The way we discuss the impacts of climate change, specifically mortality, shows a clear disconnect and sense of abstract understanding. With medical conditions like the coronavirus, if mortality occurs, we attribute it to the disease itself. On the other hand, with climate change, deaths are instead attributed to symptoms, like the flooding caused by the storm. This disconnect from the true cause of extreme climatic events, among other factors, further pushes climate change into this unconnectable issue. As predicted by the World Health Organisation, 250,000 deaths a year can be attributed solely to rising global temperatures, with a further 7 million people predicted to die from air pollution each year. We must highlight this direct link to help bring the climate crisis down from the clouds and directly into our understanding.
Driven by money
On a local level, most people are incentivised by cheap, non-green purchases such as airfares. As the price of plane tickets decreases, levels of air transport increase. Plane tickets are often cheaper and quicker than greener alternatives such as trains, therefore creating a large barrier to making an environmentally conscious choice. There is also a new form of ‘why not’ travel, where you aren’t necessarily looking to travel, but you see a cheap flight, so you go somewhere new for a weekend. In 2019, Ryanair saw flights as low as £5 – it takes a strong-willed individual with a deep pocket to choose a different travel method. Governments need to help society make greener decisions through relevant taxation and subsidies for low-carbon travel, among other green alternatives like local produce.
In many countries, economic growth is still prioritised over environmental protection. The European Union finances advertising to promote meat consumption, with 60 million euros spent since 2017 (Wakker Dier). Across the pond, the US government spends up to $38 billion per year to subsidise the meat and dairy industries. With livestock production and animal agriculture being responsible for 51% of global greenhouse gas emissions (Georgetown Environmental Law Review), 91% of amazon destruction (Mighty Earth) and the desertification of 1/3 of the world’s land (The Encyclopaedia of Earth), why are governments incentivising production and purchase? Well, the North American Meat Institute estimate that the meat industry contributes $894 billion to the US economy alone. With similar stories in the fossil fuel and transport industries, governments need to reconsider what is most important for building prosperous countries over the long term.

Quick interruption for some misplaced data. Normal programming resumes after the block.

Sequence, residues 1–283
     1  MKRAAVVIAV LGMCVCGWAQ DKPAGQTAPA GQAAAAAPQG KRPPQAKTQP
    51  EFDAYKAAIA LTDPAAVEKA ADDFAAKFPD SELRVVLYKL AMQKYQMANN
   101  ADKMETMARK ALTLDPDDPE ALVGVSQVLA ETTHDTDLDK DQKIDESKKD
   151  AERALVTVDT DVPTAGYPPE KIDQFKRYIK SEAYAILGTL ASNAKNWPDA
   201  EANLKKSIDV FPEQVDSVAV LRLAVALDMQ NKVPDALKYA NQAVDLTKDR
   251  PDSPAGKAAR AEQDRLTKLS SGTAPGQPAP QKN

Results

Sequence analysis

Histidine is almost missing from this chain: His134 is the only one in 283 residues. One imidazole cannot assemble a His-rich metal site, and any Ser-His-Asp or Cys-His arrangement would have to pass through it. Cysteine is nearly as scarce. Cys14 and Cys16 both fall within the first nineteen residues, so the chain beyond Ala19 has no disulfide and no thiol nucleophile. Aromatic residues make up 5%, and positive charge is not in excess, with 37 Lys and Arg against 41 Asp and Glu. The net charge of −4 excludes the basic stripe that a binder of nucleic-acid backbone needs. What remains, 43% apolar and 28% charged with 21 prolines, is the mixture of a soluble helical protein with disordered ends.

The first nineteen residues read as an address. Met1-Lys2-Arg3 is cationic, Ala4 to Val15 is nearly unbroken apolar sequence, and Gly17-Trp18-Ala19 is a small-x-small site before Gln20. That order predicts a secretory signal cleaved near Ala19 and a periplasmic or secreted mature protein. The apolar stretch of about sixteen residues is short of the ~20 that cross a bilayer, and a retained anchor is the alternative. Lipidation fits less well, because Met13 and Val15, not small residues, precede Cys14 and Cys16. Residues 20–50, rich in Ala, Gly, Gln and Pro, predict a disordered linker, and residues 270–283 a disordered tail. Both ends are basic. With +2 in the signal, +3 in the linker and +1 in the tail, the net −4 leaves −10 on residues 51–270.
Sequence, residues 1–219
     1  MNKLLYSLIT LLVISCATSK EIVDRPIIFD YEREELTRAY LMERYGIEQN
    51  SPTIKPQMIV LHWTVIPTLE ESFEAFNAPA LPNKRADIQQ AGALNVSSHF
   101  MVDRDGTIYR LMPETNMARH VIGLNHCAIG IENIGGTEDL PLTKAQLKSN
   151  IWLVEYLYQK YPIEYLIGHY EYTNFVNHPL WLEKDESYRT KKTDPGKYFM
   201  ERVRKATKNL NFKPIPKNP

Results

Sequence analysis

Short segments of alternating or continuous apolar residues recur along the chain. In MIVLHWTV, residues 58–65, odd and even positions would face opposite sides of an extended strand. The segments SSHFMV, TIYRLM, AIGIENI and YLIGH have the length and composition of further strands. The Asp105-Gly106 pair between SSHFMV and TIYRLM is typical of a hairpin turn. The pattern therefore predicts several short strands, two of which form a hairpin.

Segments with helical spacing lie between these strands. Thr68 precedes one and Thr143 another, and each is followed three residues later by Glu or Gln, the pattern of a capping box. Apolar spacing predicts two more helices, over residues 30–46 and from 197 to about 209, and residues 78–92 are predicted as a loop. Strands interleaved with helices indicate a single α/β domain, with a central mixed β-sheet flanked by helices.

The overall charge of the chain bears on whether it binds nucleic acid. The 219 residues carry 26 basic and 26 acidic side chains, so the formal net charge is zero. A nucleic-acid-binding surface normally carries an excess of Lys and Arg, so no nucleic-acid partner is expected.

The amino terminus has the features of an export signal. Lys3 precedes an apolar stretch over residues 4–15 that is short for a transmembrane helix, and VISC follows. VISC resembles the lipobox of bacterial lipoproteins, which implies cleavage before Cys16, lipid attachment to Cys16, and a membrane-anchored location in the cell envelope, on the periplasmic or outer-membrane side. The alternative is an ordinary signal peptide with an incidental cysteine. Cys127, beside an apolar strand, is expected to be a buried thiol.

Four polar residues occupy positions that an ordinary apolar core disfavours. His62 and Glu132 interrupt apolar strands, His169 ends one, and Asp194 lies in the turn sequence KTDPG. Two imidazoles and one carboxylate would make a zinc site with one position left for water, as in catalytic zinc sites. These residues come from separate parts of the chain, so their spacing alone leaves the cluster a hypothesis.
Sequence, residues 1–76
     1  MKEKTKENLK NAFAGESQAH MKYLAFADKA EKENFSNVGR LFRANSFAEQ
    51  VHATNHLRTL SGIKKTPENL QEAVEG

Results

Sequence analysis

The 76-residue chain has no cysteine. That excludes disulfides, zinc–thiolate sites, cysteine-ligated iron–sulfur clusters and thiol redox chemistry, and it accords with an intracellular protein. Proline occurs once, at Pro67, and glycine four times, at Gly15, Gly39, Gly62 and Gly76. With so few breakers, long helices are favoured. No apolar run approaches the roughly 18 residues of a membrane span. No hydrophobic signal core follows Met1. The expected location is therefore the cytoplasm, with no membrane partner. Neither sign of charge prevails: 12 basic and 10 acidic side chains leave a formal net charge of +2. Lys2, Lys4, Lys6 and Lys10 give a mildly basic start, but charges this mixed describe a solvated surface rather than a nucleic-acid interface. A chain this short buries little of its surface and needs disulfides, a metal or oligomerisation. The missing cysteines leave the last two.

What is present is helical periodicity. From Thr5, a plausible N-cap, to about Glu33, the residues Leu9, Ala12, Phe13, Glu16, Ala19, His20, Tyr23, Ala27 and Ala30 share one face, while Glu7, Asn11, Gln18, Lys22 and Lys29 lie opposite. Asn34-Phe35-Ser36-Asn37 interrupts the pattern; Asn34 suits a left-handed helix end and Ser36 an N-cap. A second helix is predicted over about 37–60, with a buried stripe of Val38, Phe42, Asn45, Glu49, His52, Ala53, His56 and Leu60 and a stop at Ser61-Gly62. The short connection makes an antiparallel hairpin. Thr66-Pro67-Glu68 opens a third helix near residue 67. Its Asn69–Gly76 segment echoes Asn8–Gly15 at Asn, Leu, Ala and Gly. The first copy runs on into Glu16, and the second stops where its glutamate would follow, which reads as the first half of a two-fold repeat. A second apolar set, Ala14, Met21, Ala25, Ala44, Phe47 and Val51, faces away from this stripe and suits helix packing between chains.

Unconscious bias against climate scientists
A survey conducted by Pew Research Centre found that, in 2016, the percentage of US adults that had a fair amount of confidence in medical scientists was 8% higher than other scientists. Another similar survey conducted in 2019 revealed that only 57% of US adults have a mostly positive view of environmental research scientists and just 35% believed they always provided fair and accurate information. Western society needs to rid itself of the traditional image of a scientist, a man in a lab coat holding chemicals, to include environmental scientists and those that don’t fit the societal mould. Research must be public, peer-reviewed and reproducible to obtain the public’s trust.
Rather than dismissing evidence presented, it is vital that society allows environmental professionals to partner with leaders and to help move countries forward to a sustainable future, similar to medical experts at the coronavirus press conferences. Medical professionals are often trusted, as you believe they can save your life. Well, environmental experts can too – both are acting to aid in the understanding of the world to make it a better and healthier place. We need to acknowledge that our health goes far past our bodies and that the longevity of society as we know it depends on expertise from both groups, not just one.
Although these reasons may help us understand why mass mobilisation has not yet been possible for the climate crisis on the same scale as coronavirus, they are only explanations, not excuses. We must find a way to move forward from the ashes of the coronavirus pandemic to our next battle: the climate crisis.